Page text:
For a number of reasons that I have recounted in a number of articles, we are likely to face a number of macroeconomic headwinds for the rest of the year. I have argued that we are likely to see pressure on all asset classes and that stocks would likely fare the best of them, while volatility (NYSEARCA:VXX) and safe-haven currencies (FXF, FXY) over commodity currencies (NYSEARCA:FXA) might provide investors some protection against rising market pressure. Somewhat counterintuitively, traditional safe-havens such as gold and treasuries are likely to suffer the greatest damage.
A summary of many of the main points can be found in an article written a couple weeks ago, where I attempted to synthesize separate calls into a larger narrative.
August will likely tell us how far off this narrative was, although some pieces might not come into play until September, while the massive and sudden rise in interest rates we are forecasting might not begin until well into 2013.
The earliest indicator with respect to the narrative rather than the individual calls as such will be a bottoming in the year-on-year ratio of crude oil alongside a bottoming in interest rates.
In brief, we are looking for a rise in crude oil prices (NYSEARCA:USO) that will, on a year-to-year basis, peak in August or September and that will coincide with significantly elevated treasury yields for the rest of the year.
This time last year, oil prices were collapsing, so we have some wind at our backs with respect to year-on-year percentages. Prices would have to give up their gains of the last month or so to keep those percentages down.
But, even if the year-on-year oil rise should not occur, based on a number of historical patterns materializing in rough proximity with one another (see the link to my previous article above), there is every indication that interest rates are set to rise for the rest of the year.
The timing appears to be now, and the bigger question appears to be that of speed and magnitude. A gentle rise in rates would likely be beneficial, while a sharp rise would be negative. Using my models, a sharp rise looks more likely, one that might be prompted by expectations of rising inflation (partly due to oil prices) that do not substantially materialize.
I would argue that this is the key chart to watch this month. A rise in these levels might at first appear to be beneficial, but are likely to show a more disagreeable face, especially when September comes.
The second most important set of charts are the following.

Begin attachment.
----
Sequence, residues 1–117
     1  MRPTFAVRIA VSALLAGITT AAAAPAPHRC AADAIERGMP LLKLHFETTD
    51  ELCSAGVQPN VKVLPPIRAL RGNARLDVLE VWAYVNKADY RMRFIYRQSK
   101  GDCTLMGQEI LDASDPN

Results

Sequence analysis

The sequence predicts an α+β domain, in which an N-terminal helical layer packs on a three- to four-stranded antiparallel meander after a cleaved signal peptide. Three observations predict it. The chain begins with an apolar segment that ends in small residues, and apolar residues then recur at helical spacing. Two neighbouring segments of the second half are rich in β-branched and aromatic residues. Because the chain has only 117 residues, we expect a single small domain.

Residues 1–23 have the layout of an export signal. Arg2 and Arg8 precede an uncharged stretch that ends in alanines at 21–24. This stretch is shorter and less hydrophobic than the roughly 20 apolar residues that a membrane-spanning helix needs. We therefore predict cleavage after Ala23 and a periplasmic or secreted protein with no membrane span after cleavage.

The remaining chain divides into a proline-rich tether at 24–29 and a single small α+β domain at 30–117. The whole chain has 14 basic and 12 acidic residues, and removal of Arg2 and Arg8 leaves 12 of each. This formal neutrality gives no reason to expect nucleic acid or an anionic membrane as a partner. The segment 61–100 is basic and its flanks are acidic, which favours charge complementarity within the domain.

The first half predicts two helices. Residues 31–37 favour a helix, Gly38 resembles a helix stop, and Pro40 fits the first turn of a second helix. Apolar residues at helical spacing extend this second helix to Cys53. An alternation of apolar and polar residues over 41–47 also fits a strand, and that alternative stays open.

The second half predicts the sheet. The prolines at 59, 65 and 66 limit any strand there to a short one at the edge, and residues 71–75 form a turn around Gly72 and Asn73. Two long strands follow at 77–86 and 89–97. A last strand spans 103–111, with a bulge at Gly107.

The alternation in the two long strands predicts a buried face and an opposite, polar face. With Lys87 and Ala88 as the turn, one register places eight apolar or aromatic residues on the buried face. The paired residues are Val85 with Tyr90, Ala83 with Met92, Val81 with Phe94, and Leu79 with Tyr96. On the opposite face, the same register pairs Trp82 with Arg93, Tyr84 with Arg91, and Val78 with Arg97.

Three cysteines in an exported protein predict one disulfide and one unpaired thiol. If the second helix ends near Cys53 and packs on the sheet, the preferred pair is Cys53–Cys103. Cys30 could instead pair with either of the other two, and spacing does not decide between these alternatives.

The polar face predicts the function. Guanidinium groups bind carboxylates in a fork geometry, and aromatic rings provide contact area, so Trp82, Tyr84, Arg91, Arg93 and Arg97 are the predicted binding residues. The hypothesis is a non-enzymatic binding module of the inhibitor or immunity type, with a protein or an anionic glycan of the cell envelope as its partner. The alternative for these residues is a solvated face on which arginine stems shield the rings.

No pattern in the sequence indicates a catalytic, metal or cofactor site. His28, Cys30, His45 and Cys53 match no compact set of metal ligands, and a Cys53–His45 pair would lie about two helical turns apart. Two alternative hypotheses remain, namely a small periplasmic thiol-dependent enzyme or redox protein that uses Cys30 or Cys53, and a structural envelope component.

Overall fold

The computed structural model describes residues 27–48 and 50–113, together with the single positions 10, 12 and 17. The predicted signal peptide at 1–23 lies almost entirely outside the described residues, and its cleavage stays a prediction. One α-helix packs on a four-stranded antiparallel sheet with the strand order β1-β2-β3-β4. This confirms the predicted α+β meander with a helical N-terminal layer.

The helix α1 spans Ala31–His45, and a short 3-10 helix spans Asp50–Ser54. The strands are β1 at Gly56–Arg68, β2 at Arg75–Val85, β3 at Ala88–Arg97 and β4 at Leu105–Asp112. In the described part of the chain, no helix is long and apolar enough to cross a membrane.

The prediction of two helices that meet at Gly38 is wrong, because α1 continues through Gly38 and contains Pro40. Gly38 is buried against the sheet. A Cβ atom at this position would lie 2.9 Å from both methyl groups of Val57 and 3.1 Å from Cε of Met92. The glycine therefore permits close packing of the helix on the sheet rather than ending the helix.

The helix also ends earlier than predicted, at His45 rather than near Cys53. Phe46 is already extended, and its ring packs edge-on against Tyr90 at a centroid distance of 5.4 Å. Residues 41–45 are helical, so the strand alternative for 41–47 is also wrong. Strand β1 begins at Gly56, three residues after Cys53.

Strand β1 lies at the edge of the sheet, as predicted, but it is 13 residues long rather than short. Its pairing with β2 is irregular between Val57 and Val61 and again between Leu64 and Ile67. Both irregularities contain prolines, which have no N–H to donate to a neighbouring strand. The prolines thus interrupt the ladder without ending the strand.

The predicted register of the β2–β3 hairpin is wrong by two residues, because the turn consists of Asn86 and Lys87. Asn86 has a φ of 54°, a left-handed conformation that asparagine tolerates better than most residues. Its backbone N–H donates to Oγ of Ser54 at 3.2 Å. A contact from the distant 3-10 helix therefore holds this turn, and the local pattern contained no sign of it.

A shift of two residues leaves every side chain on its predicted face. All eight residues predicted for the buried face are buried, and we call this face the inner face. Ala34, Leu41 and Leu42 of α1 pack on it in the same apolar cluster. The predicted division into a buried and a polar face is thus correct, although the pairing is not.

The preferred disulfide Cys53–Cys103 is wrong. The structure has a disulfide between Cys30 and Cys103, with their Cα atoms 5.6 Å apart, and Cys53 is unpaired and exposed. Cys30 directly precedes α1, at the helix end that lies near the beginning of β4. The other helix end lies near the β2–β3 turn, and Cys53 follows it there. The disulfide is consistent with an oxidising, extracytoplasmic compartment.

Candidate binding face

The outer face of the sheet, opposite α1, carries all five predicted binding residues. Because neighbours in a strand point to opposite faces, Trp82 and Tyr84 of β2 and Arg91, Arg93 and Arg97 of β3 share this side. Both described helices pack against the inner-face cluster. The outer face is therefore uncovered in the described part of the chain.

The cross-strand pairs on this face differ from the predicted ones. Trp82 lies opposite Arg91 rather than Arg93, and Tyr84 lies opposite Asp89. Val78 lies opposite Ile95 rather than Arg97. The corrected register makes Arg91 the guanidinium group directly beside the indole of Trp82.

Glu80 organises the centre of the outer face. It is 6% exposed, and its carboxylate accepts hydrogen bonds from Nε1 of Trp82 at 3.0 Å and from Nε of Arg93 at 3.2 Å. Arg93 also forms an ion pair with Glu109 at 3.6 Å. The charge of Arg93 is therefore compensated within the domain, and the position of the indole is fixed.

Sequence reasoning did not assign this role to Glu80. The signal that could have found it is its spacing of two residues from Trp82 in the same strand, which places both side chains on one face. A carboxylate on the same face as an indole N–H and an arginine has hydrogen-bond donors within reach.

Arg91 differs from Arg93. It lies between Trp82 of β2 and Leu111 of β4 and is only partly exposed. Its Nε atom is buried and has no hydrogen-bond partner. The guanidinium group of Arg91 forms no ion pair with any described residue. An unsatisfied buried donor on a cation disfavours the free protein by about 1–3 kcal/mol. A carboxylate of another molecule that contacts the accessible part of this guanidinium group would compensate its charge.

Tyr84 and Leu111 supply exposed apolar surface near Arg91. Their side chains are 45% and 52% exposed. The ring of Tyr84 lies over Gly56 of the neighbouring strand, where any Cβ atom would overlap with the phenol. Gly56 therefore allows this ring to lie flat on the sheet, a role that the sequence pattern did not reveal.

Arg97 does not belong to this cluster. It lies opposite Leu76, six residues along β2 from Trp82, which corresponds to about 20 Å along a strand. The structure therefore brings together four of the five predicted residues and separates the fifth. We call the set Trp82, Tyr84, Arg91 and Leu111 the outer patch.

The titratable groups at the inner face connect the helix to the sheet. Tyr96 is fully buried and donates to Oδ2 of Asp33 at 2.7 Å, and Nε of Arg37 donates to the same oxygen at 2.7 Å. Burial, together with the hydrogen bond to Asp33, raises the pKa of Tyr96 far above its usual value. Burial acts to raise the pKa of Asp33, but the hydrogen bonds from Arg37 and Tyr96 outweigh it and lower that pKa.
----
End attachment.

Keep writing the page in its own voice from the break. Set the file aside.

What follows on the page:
Sharp falls in the copper/gold ratio are often followed sixteen months later by weak or flat stock markets.
If we took that very literally, that would suggest that stock markets (NYSEARCA:SPY) should have bottomed in October of last year and then topped back in May of this year before slackening for the remainder of 2012.
As I have written before, the copper/gold ratio only gives an impression of momentum rather than of magnitude. Moreover, apart from a Leeb shock (an 80% year-on-year increase in crude prices, which remains a possibility) in the next couple months, the Dow (NYSEARCA:DIA) is not likely to fall more than 20-25% from its 2012 high. Another such fall from the 13000+ level in such close proximity to last year's fall without a Leeb shock would be unprecedented in the post-Bretton Woods era.
Rather the majority of the downward pressure is likely to be found in gold and treasuries (NYSEARCA:IEF).
The next chart is one of a rather short-term relationship (only the last decade).
The ratio of copper to ten-year yields has tracked very nicely with the price of gold and especially the gold/dollar-index ratio. The rise in interest rates last year was strong enough to seriously damage gold prices, from which they never recovered. I am still not clear on the mechanism of this reflexive relationship, but the 'energy' in the copper/yield ratio has found its way mostly into treasuries since then.
If we are on the brink of a more significant rise in interest rates, gold (NYSEARCA:GLD) will likely be trounced. In my previous article, I argued that there was good reason to regard gold as being in the midst of a major correction, until crude oil prices signal a bottom in gold by pushing to the top of the oil/gold ratio's historic range (i.e., over 0.12).
Gold hasn't even been able to hold it's own against the Dow, despite the rage for safety.
As always, there are lots of moving parts, and these techniques are designed to focus on the most decisive, those that relate to the interaction of ethereal monetary factors with down-and-dirty commodity prices. In the short-term, August will likely give us a fairly good idea of how the remainder of the year will progress.
In sum, there are major risks emanating from oil prices and interest rates. Sharp rises in either would be very difficult for the economy to handle. Although I am no Fed-watcher, perhaps news from the Fed this afternoon will start to push things along. Either way, August promises to point us in the right direction.
Disclosure: The author has no positions in any stocks mentioned, and no plans to initiate any positions within the next 72 hours. The author wrote this article themselves, and it expresses their own opinions. The author is not receiving compensation for it. The author has no business relationship with any company whose stock is mentioned in this article.